2.  If I have MS, what is the risk that my children will have MS?

The risk to the general population, with no one else in the family with MS is 0.1%. The risk to a child of a mother with MS is 3-4%. The risk to an identical twin of someone with MS is 31%.

3.  Should I get a flu shot if I have MS and I am on an injectable therapy?

According to a recent study published in the Achives of Neurology (2003), and one published in Neurology (2001), the flu vaccine (injectable) is not associated with an increased risk of an MS exacerbation. However, Dr. Dennis Bourdette, Professor of Neurology at Oregon Health & Science University has stated that nasal spray flu vaccine should not be given to persons with MS. He recommends the injectable flu vaccine over the nasal spray for patients with MS.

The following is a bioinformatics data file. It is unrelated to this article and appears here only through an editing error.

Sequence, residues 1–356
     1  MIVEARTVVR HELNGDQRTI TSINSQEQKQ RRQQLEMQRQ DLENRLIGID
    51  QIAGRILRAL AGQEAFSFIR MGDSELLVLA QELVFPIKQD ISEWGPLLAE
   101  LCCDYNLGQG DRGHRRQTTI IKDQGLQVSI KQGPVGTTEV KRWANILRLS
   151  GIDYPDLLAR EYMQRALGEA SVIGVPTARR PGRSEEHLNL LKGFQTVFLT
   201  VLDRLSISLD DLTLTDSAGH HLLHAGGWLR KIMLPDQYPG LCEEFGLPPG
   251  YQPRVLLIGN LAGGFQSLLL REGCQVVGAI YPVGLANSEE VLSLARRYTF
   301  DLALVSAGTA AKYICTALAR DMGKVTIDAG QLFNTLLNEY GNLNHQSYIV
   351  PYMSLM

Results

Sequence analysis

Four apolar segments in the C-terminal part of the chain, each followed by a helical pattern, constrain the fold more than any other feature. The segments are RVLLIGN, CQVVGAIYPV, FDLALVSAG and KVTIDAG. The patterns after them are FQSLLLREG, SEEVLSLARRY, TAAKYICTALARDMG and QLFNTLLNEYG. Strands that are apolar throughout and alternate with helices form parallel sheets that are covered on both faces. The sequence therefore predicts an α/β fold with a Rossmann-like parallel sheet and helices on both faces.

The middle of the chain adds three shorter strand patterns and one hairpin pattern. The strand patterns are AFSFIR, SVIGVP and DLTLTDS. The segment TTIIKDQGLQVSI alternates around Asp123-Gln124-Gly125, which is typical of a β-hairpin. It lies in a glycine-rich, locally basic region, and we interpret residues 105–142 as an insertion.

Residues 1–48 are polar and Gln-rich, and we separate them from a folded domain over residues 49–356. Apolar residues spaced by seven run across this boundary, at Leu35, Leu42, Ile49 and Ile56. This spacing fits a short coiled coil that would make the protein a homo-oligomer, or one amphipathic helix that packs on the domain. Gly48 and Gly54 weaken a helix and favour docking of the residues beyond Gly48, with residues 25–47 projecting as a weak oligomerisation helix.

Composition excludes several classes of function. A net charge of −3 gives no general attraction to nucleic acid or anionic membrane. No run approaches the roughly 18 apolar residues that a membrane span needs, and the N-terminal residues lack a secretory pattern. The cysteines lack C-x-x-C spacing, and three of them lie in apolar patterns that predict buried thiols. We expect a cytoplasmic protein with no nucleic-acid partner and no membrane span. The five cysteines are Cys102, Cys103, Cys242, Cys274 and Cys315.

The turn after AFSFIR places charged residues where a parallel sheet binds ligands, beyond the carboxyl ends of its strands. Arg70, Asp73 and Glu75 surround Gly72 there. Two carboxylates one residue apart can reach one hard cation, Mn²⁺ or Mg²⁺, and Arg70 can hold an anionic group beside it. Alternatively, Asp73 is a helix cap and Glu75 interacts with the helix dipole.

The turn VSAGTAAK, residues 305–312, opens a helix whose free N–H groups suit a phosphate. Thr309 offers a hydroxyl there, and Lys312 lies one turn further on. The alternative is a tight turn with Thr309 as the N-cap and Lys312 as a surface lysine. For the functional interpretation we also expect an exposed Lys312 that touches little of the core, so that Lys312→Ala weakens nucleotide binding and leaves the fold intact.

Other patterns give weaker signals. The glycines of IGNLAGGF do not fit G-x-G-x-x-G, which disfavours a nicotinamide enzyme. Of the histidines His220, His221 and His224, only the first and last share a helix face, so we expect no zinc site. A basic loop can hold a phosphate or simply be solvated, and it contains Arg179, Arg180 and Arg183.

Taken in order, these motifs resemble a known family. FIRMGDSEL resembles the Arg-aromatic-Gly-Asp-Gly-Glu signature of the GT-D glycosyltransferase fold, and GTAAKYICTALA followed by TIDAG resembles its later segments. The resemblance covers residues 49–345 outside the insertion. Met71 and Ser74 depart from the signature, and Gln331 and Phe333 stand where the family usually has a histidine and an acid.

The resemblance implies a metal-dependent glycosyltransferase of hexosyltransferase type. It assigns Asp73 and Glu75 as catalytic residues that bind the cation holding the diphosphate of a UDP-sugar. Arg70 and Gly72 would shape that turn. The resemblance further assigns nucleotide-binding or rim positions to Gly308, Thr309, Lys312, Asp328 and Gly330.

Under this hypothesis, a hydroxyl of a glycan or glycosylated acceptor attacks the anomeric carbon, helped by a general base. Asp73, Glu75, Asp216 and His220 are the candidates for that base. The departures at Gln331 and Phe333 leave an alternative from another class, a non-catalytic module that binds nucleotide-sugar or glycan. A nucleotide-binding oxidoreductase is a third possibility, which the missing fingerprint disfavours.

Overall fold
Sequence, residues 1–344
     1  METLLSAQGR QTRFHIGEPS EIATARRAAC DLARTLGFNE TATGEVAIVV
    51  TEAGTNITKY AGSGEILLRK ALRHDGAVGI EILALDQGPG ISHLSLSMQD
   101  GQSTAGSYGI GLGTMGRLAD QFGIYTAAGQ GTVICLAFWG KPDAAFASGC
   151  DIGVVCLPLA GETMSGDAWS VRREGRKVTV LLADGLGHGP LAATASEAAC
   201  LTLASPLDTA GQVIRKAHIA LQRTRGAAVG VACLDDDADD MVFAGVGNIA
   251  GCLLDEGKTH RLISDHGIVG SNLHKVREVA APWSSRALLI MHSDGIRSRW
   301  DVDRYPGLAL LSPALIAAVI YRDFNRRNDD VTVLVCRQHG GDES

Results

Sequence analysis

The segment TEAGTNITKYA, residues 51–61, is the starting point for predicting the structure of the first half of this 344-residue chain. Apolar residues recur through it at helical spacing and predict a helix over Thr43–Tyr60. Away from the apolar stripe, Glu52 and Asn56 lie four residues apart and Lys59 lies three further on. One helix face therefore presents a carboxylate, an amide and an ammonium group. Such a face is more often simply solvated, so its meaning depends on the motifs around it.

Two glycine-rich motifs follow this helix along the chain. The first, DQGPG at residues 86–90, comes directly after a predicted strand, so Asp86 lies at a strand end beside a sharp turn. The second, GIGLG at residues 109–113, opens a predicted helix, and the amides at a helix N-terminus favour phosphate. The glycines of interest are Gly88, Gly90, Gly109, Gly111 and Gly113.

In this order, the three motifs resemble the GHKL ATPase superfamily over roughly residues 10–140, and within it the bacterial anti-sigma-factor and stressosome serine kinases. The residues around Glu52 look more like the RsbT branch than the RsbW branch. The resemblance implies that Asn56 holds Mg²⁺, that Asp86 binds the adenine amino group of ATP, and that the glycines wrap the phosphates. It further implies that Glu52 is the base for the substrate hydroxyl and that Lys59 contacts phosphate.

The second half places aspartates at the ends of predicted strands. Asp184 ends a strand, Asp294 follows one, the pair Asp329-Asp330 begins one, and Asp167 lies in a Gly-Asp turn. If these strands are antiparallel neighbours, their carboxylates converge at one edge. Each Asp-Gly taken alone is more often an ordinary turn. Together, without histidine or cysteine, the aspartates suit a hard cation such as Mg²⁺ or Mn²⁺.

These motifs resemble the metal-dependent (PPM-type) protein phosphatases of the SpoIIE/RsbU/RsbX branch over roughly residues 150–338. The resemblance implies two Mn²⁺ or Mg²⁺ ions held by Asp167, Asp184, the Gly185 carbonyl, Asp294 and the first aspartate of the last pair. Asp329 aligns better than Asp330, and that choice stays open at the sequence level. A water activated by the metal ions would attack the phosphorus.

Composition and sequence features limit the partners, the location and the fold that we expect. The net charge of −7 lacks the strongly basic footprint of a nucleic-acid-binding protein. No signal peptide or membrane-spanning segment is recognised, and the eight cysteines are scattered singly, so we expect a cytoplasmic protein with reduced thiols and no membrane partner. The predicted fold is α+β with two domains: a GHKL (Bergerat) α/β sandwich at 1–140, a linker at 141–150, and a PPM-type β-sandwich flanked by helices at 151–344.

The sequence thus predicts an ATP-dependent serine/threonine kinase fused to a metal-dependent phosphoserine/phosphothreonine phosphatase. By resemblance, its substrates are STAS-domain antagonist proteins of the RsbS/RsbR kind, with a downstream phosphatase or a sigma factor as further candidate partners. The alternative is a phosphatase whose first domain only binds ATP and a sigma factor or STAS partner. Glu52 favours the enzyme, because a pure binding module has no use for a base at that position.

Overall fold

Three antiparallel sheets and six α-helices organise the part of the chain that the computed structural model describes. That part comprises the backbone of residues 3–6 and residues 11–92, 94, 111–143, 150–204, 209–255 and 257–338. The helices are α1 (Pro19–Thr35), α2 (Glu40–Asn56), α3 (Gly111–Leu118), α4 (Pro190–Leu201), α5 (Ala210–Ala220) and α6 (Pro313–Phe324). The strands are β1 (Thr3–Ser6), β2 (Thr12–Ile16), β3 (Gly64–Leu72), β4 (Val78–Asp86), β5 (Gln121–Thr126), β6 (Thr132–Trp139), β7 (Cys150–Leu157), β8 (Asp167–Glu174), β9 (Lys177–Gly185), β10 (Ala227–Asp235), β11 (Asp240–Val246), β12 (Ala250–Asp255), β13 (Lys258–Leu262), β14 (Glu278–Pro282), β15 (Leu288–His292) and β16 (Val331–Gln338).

4.  Can MS cause heart trouble and what kind of heart trouble can be related to MS?